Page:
Today, our brains age. The University of Houston's
College of Engineering presents this series about
the machines that make our civilization run, and
the people whose ingenuity created them.
magazine writer Laura Helmuth describes new studies
of the way our brains age. Scientists have come up
with some surprises. We've known part of the story
for some time -- that brains cells die, for
example, and that certain brain centers shrink. The
volume of our hippocampus, which is crucial to
memory, shrinks about seven percent per decade
after we reach 45.
On average, our capacity for processing information
undergoes a fairly steady decline from age twenty
through eighty. However, the drop varies greatly
from person to person. Our knowledge and
understanding of words steadily
increases up to the age of seventy. Then
it begins dropping off only slightly. "That should
give comfort," Helmuth says, "to those who have
been trounced by a great-aunt in a game of
So just what is the brain up to as we age?
Researchers have been running tests with
positron emission tomography. These
PET scans reveal what's happening in the
brain while subjects think. The result is
When a young person focuses upon, say, a verbal
puzzle, the left and right hemispheres both show
activity, but only for a moment. The young person
will quickly squelch right brain activity and focus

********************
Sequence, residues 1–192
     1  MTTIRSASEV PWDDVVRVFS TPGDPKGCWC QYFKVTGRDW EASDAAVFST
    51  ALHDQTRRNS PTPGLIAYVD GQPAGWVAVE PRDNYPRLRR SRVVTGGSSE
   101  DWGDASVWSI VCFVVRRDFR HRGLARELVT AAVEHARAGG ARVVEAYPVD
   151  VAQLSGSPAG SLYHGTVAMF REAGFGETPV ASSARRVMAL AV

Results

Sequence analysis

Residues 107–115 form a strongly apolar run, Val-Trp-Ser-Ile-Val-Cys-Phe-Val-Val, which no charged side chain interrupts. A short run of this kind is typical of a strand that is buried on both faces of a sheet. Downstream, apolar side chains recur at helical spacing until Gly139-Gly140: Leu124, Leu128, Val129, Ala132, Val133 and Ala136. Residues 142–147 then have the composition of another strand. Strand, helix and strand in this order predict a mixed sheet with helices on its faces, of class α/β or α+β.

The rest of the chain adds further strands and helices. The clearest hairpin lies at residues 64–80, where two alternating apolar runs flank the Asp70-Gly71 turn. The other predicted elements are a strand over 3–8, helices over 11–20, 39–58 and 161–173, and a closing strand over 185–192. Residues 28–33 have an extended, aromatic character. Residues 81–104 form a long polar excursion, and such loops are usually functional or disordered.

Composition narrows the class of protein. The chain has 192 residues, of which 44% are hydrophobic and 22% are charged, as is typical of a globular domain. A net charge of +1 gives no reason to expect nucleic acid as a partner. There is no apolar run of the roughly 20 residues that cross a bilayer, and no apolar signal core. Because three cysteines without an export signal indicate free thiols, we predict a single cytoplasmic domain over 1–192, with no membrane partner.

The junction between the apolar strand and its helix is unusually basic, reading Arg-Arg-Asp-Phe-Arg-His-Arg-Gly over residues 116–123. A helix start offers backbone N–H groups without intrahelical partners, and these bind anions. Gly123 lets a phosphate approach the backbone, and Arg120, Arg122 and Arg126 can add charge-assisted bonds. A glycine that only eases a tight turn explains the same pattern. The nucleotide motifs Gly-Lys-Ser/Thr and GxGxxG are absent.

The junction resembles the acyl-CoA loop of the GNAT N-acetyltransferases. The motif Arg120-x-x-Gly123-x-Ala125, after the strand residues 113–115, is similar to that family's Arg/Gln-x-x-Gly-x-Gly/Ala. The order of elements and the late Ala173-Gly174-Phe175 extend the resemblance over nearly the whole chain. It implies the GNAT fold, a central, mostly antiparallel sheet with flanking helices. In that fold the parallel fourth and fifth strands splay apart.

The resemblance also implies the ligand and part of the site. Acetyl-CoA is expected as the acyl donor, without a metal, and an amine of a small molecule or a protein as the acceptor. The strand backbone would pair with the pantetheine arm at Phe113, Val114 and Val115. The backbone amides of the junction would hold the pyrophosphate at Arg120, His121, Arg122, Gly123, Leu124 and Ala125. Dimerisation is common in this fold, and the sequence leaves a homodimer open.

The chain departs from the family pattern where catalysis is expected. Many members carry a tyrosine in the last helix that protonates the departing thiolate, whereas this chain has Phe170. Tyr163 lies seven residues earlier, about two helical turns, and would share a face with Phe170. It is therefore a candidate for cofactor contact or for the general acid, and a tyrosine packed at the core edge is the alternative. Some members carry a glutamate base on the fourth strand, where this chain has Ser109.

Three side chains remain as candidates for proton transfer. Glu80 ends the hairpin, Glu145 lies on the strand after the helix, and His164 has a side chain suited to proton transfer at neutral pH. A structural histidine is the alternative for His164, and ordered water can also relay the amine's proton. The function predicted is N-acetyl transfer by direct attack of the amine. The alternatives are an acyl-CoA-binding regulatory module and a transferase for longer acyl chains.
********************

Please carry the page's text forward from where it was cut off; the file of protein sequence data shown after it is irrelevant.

thought within the left brain. The old person no
longer does that. Instead, the older test-taker
continues using more than one portion of the brain.
This opens the way to different implications. It
might reflect a sort of floundering inefficiency in
the older person. But another factor emerges. The
fastest of the old people show the strongest
activity in the extra hemisphere. That suggests
that many older people have developed means for
calling in additional resources. It gives new
meaning to the old expression, ring wise.
Take the problem of recognizing faces: When elders
are called on to match faces, they often go to the
region of the brain that processes emotions.
Perhaps the older person uses the emotional content
of the face, the expression, in the
Helmuth ends by raising the old question of
wisdom. What about that mystic quality?
I'm still impatiently awaiting its arrival. And all
these tests, it turns out, tell us almost nothing
about wisdom. Helmuth says, "It's awfully tough to
find a quantitative measure, much less one that can
be assessed while the aged but wise recline in a
PET scanner." Still, it is clear that we old think
very differently now than we did fifty years ago.
Whether that's for better or worse, I am greatly
helped by something Wordsworth wrote,
The wiser mind
Mourns less for what age takes away
Than what it leaves behind
And often, glad no more,
We wear a face of joy because
We have been glad of yore.
I'm John Lienhard, at the University of Houston,
where we're interested in the way inventive minds
Helmuth, L., A Generation Gap in Brain Activity.
Science, Vol. 296, June 21, 2002, pp
Andreas Vesalius' Yorick-like image of the human
skull (or mind), contemplating the human mind, 1542
(about sixty years before Shakespeare wrote
The Engines of Our Ingenuity is
Copyright © 1988-2002 by John H.